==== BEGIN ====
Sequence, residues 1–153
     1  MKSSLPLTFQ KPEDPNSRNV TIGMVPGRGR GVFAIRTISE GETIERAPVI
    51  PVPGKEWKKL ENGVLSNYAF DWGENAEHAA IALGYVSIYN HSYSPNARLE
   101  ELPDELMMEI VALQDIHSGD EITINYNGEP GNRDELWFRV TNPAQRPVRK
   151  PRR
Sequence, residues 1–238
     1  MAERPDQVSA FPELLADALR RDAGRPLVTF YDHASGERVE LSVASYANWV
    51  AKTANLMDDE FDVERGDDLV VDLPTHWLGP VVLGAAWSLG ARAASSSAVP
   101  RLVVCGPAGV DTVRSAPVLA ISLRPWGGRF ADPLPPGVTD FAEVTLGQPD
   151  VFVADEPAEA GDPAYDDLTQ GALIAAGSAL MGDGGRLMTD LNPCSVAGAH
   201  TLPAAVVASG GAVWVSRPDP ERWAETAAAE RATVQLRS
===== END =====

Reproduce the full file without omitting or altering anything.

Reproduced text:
Sequence, residues 1–153
     1  MKSSLPLTFQ KPEDPNSRNV TIGMVPGRGR GVFAIRTISE GETIERAPVI
    51  PVPGKEWKKL ENGVLSNYAF DWGENAEHAA IALGYVSIYN HSYSPNARLE
   101  ELPDELMMEI VALQDIHSGD EITINYNGEP GNRDELWFRV TNPAQRPVRK
   151  PRR
Sequence, residues 1–238
     1  MAERPDQVSA FPELLADALR RDAGRPLVTF YDHASGERVE LSVASYANWV
    51  AKTANLMDDE FDVERGDDLV VDLPTHWLGP VVLGAAWSLG ARAASSSAVP
   101  RLVVCGPAGV DTVRSAPVLA ISLRPWGGRF ADPLPPGVTD FAEVTLGQPD
   151  VFVADEPAEA GDPAYDDLTQ GALIAAGSAL MGDGGRLMTD LNPCSVAGAH
   201  TLPAAVVASG GAVWVSRPDP ERWAETAAAE RATVQLRS